'It is good to see the dedication that you both display gentlemen. It is not often that I find myself before men of such reverence'.

'As for the case Lord Barrington. What pertinent facts can you reveal that will allow us to begin, with the process of finding the culprit or culprits of these abominable crimes?'

'Until now inspector, there is only the intimation that the murders are all connected, and a lone gem that is a singular piece of ruby that was found on the ground, next to the deceased bodies'.

'In what way?' I enquired.

'Perhaps, it would better, if I take you gentlemen to the last crime scene, where the murder had occurred. It happened in a cul-de-sac of one of the main streets of Patna'.

'By all means!'

When we arrived at the crime scene, the first thing that I had noticed with my perceptive acumen, was the peculiar setting. It was the ideal setting for a murder and for a hasty escape afterwards. The intrinsic nature of the murders were at the time only speculative, because I did not have sufficient clues to form an accurate deduction and proper analysis. I was able to determine that the culprit had some type of relation with the victim. There were actual footprints that were visibly seen coming and going, from the direction of the murder. What was more convincing was the realisation that there were fresh footprints, beside the ones from the day of the murder that happened the day before. This was relevant to the case and the indication that the murderer had returned to the original crime scene the day after. There was a red ruby piece that apparently was discovered too. Bonheur had seen me contemplative in my familiar gestures and expressions.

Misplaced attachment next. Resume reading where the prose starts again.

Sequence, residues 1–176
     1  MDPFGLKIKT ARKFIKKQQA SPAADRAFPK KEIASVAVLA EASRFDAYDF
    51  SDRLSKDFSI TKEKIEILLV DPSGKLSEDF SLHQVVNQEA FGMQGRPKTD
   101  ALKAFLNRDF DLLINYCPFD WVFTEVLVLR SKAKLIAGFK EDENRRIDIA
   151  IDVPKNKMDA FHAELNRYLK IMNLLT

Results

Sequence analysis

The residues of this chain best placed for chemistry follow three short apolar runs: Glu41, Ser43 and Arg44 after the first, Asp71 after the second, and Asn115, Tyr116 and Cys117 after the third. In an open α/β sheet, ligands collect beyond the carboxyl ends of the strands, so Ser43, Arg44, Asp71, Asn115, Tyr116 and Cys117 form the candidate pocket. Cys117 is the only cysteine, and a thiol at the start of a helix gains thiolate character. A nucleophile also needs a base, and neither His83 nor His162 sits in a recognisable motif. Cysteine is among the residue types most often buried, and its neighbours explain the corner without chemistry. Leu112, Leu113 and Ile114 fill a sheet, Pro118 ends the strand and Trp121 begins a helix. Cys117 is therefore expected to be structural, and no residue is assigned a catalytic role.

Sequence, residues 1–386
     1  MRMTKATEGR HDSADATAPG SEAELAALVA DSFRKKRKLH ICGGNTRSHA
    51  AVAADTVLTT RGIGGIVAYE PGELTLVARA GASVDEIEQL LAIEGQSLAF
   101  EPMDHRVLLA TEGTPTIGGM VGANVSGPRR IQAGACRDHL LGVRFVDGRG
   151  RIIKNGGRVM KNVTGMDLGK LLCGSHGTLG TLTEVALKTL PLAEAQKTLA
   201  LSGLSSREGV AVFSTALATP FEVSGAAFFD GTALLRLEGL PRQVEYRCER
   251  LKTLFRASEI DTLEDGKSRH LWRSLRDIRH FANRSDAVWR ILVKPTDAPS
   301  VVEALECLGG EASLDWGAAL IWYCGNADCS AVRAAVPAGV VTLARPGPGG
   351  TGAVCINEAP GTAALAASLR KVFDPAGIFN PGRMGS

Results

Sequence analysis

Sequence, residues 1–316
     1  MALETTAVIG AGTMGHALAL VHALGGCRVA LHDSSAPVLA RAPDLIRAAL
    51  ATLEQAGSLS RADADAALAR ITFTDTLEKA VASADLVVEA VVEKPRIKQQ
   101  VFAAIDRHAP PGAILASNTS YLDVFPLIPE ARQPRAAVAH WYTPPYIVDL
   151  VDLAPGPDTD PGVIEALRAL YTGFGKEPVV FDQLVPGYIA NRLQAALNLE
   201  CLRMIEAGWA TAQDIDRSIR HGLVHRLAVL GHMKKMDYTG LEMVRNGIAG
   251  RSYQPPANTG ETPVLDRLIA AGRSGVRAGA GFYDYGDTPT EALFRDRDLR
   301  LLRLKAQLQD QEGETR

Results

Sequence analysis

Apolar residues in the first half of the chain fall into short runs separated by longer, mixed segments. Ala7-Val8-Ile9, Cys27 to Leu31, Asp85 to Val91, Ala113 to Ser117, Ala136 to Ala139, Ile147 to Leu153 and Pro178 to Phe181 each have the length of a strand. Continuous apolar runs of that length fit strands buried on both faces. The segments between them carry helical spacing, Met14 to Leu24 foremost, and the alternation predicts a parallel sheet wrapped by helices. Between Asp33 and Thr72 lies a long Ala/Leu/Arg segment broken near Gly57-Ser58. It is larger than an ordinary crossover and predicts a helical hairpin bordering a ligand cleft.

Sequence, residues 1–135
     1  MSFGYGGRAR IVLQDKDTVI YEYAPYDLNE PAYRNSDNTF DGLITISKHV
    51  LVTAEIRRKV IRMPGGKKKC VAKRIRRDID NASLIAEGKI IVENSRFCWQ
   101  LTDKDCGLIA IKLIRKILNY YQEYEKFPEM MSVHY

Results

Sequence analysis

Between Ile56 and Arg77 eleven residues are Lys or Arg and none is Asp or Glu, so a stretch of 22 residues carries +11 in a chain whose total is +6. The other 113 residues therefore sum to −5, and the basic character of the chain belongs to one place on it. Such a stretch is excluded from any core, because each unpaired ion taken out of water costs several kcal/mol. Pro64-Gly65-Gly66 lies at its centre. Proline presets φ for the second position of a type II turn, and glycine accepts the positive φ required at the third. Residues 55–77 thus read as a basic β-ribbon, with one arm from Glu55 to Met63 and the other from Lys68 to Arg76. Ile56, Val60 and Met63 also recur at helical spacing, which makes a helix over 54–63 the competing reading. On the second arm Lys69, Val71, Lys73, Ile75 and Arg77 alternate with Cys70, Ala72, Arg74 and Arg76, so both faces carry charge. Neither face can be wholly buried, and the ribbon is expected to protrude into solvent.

'What are you musing in your mind inspector? I know that punctilious reaction of yours instinctively'.

'I would expect no lesser of you Bonheur, and if you must know, I was pondering in my thoughts about the unique footprints that I have spotted with precision'.

'Which ones?' He pointed then continued, 'The ones that lead into and out of the cul-de-sac?'

'No, not those in particular'. I showed him, 'These that are evidently fresh'.